Great point. As much as these building were a monstrosity they were at least well constructed monstrosities. I can’t think of another building that could take a high speed hit from a Boeing 737 (at near full fuel loads) and remain standing for an hour. Could you name one? (I’ll take the great pyramids off the table)

    Not really. It’s such an unusual condition, that commercial buildings can’t include that in their normal budgets. I’m sure there are hardened emergency or national security structures that can sustain those loads – or perhaps tornado-proofed buildings. Terrific comment on the great pyramids though!

    Yes, but such buildings are normally quite short – I think a good part of the plane could impact the ground and not the structure.

    • #14
  15. Randy Webster Member
    Randy Webster
    @RandyWebster

    B. W. Wooster (View Comment):

    OccupantCDN (View Comment):
    Great point. As much as these building were a monstrosity they were at least well constructed monstrosities. I can’t think of another building that could take a high speed hit from a Boeing 737 (at near full fuel loads) and remain standing for an hour. Could you name one? (I’ll take the great pyramids off the table)

    Not really. It’s such an unusual condition, that commercial buildings can’t include that in their normal budgets. I’m sure there are hardened emergency or national security structures that can sustain those loads – or perhaps tornado-proofed buildings. Terrific comment on the great pyramids though!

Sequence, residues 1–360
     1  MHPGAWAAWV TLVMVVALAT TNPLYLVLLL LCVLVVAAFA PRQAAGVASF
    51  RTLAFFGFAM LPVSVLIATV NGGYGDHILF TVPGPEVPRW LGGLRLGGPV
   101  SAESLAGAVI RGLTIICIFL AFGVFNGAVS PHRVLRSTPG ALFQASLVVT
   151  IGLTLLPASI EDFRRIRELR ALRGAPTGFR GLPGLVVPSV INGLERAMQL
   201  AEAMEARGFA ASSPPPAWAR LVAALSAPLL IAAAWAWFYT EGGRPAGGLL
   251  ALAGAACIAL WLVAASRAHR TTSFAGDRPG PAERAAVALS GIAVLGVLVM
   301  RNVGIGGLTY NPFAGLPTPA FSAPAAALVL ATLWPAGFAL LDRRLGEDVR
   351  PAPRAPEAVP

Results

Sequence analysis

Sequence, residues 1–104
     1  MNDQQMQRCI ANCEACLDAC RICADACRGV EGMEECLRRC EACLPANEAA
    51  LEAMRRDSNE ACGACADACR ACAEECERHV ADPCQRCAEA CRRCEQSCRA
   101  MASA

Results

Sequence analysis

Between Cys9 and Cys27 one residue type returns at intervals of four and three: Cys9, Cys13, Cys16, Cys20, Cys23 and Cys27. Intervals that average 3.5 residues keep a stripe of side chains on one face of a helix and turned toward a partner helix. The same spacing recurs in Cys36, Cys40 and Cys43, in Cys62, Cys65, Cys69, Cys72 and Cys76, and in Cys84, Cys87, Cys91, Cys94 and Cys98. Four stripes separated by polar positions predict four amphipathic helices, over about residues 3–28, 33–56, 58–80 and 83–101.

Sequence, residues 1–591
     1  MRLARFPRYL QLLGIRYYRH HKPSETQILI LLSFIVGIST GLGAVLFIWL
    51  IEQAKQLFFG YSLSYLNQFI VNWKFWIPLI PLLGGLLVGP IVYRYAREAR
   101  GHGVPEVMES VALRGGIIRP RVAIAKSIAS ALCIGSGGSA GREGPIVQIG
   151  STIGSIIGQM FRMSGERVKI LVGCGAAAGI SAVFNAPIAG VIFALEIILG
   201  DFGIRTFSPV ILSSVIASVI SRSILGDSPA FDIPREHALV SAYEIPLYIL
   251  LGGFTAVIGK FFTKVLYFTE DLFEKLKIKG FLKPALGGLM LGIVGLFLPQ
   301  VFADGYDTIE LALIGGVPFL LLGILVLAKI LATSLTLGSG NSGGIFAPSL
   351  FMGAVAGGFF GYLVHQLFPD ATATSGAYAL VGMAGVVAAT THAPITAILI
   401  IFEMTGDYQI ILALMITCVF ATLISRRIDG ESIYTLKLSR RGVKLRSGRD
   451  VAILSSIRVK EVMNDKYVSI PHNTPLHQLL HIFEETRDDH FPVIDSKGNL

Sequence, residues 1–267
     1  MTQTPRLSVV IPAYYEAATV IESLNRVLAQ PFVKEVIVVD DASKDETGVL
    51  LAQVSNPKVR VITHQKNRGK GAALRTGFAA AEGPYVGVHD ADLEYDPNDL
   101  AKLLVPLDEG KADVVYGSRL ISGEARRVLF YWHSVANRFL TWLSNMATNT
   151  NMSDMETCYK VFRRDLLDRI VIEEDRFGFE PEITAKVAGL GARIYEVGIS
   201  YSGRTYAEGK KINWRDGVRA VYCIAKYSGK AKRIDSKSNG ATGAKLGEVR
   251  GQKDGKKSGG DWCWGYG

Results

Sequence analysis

I’ve estimated several buildings with tornado-proof rooms in them.  The rooms are usually just a concrete box.

    • #15
  16. Concretevol Thatcher
    Concretevol
    @Concretevol

    B. W. Wooster (View Comment):

    Concretevol (View Comment):

    I have said for years I would love to work on a job where I am told “take as long as you like just make it great”. The reality is more like, “site prep (grade work, underground utilities, caissons, etc…) took way longer than expected so you need to go faster to get back on schedule.”

    Probably the closest job to what you describe that I have worked on was a Cathedral project I wrote about here:

    https://ricochet.com/499910/archives/cathedral-of-the-most-sacred-heart-of-jesus/

     

     

    Wow. That is incredibly impressive work. Using modern techniques and materials to create a structure that looks like it’s been there hundreds of years. Love it. We do a lot of work in the Tri-Cities and sometimes make it to Knoxville. I’d love to see it in person. And the whole vibe makes me think of this legendary story. Great project – great work.

    We can have a mini-meetup if you are this way sometime!  

    • #16